During his first visit to the United States, Pope Francis is going to feel a lot of love from hundreds of thousands of people, but he is well aware that a large number of Americans beyond the adoring crowds view him with angry disgust. To them, his teachings on climate change, indulgent consumerism, excessive wealth and capitalist exploitation of the poor are nothing short of socialism. Add to that his open embrace of the refugees from Syria who are flooding into Europe, and quite a few folks on the right are convinced that, far from being a good Christian, Francis is a dangerous charlatan.
In recent days, I’ve heard from a couple of these people. They disagreed with a column in which I said Francis sets a better example of Christianity than does Kim Davis, the devout county clerk in Kentucky who refused to issue marriage licenses to same-sex couples. A real estate agent in West Hollywood sent me a brief email rebuttal to that view (I’ve fixed his punctuation and paraphrased certain words that are not allowed in a family newspaper):
“A man who preaches that Europe should be flooded by Muslims so that Christianity in Europe is wiped out is a good voice for Christianity? Are you (rhymes with trucking) stupid u subhuman stinking (coarse slang for feces)?”
An email from an entrepreneur in Oklahoma City took me to task at greater length and commendably managed to do so without profane insults:
“Before attempting to inform others about what Christ teaches, perhaps you should actually read a Bible. You are no better at telling anyone about Christ's teachings than the corrupted Socialist Pope. As Christians we are to show love. We are not the judge and jury. In addition, we don't support people who are blatantly sinning against God. Christ said nothing about global warming or embracing an evil cult like Islam in any of His teachings. Unfettered Capitalism? Amazing. Why don't you cite your sources from the Bible for these cookie cutter progressive ramblings of yours that you and those like you in the media parrot over and over?”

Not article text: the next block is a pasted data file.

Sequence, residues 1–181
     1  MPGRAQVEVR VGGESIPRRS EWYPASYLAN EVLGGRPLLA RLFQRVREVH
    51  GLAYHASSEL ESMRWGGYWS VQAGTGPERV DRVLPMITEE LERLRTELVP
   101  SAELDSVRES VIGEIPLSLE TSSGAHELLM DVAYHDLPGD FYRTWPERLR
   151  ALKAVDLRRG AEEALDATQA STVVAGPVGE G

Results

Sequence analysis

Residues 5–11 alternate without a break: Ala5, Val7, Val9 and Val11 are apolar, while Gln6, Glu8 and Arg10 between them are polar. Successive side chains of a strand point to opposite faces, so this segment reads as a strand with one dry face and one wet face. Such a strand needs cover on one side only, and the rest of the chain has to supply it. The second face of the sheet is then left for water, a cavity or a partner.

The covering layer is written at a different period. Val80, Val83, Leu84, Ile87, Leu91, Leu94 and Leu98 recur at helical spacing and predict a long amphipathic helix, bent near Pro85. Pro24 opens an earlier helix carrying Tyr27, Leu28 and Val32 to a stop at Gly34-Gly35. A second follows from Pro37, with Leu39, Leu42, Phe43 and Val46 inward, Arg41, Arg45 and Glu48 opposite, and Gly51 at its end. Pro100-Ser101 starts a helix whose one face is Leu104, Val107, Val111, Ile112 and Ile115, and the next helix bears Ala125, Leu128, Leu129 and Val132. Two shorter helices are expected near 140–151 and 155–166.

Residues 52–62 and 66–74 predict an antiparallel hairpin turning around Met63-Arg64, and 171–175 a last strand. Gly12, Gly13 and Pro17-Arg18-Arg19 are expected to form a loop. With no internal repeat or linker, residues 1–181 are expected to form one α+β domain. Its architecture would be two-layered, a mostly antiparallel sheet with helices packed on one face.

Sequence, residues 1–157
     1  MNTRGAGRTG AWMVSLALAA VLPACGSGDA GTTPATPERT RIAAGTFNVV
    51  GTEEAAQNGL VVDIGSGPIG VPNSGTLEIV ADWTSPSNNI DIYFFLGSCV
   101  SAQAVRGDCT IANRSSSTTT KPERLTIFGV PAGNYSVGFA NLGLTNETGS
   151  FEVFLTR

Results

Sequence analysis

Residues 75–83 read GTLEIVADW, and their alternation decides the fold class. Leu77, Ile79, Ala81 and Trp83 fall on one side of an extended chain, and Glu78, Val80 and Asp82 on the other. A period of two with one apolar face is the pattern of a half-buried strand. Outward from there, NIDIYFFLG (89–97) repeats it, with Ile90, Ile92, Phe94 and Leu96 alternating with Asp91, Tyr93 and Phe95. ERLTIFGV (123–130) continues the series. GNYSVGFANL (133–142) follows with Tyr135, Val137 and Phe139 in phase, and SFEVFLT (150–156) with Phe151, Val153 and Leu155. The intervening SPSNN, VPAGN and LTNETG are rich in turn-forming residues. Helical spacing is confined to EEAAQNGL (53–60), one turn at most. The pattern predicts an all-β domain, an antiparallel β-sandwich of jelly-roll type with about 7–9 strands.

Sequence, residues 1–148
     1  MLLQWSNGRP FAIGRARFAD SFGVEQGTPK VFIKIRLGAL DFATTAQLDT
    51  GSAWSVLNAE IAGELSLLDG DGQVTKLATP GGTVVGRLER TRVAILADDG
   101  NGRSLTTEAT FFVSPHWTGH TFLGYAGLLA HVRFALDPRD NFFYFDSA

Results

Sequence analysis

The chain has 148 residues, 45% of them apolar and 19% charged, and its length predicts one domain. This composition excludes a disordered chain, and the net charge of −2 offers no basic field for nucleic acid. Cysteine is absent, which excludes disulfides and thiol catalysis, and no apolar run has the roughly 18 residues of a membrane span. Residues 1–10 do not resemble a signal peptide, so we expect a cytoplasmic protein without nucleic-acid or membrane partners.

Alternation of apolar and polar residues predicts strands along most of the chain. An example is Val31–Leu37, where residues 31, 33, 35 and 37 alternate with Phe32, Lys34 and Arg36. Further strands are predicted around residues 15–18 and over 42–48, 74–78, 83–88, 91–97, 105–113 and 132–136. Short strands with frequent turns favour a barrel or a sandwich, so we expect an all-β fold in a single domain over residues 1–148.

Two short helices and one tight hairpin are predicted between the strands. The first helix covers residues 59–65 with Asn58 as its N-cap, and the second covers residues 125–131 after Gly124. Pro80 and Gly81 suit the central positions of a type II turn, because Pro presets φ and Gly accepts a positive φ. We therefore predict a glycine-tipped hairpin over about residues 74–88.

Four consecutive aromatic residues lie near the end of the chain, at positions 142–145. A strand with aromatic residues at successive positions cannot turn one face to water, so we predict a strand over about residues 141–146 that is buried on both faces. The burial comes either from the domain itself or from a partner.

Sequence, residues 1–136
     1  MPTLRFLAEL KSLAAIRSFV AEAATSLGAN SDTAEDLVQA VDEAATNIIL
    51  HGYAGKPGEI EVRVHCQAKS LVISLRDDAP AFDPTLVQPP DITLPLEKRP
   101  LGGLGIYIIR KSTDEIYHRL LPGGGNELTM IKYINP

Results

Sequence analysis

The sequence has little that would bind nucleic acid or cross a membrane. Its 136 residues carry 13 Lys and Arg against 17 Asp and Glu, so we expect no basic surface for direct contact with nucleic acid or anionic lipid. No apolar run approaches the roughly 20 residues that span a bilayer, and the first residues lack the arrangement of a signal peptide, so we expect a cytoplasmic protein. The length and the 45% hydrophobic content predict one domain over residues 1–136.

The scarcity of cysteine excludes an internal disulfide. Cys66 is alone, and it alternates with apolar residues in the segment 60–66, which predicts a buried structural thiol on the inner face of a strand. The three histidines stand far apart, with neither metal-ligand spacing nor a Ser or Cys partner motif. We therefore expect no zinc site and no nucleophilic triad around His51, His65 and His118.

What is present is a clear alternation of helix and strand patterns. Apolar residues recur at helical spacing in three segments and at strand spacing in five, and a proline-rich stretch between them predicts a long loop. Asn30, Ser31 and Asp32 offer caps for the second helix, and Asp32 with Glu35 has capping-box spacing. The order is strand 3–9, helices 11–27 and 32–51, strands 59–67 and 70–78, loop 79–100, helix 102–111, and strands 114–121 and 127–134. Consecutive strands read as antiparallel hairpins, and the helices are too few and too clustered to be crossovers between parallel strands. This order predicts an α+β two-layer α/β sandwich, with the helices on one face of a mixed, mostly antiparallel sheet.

I give both these men credit for signing their real names to their messages rather than hiding behind an online nom de plume like most of the critics who comment on my cartoons and columns. I give them less credit, though, for understanding the breadth of Christian and, especially, Catholic teaching.
Off the top of my head, I could cite the parable of the Good Samaritan as a guide to how Jesus felt about generosity to refugees. And I could suggest a rereading of Christ’s many words about helping the poor and sharing personal wealth and the difficulty a rich man may face getting into heaven. That might give a sense of how the man from Nazareth might look at the global gap in wealth between the tiny few who have extreme riches and the millions who barely scrape by. But, like the gentleman from Oklahoma implied, I am no Biblical scholar.
However, the pope has a better theological understanding than most people. It is what he does for a living, after all. What conservative critics of Francis ignore is that Catholic social teaching has been consistent for more than a century, stretching back to the age of sweatshops, child labor and the robber barons. When Ronald Reagan’s partner in Cold War diplomacy, Pope John Paul II, came to the U.S., he too preached against the abuses of the capitalist system, though his fans on the right conveniently closed their ears to what he had to say. The concern Francis has for the environment grows out of that tradition.
Growing up in South America, the future pope not only witnessed the extremes of wealth and poverty, he also saw how unrestrained greed was destroying the Brazilian rain forest, polluting rivers and fouling the air. If one truly believes that Earth is God’s creation, it is no stretch to conclude that profit-driven, destructive exploitation of that creation is a religious concern. Conservatives, such as Republican presidential candidate Rick Santorum, do not see it that way, of course. Santorum has said the pope should “leave science to the scientists.” That’s pretty laughable, considering how climate change deniers in Congress refuse to accept the vast scientific consensus that global warming is real and is exacerbated by the industrial world’s dependence on fossil fuels. Those congressmen are clearly more eager to cater to profits than to any prophets.
Whether it is Santorum and other conservatives (including many American bishops) who disagree with Francis on economics and the environment, or liberals who are uneasy with the pope’s stand against abortion and contraceptives, we all have a tough time resisting the temptation to pick and choose among the bits of religious teaching until we find something that supports our political views. The kind of person I would guess is least likely to do that is the man from Argentina who has devoted his life to serving his church, caring for his people and forging a deep understanding of what it means to be an authentic Christian in this crazy world.
Pope Francis, welcome to America.
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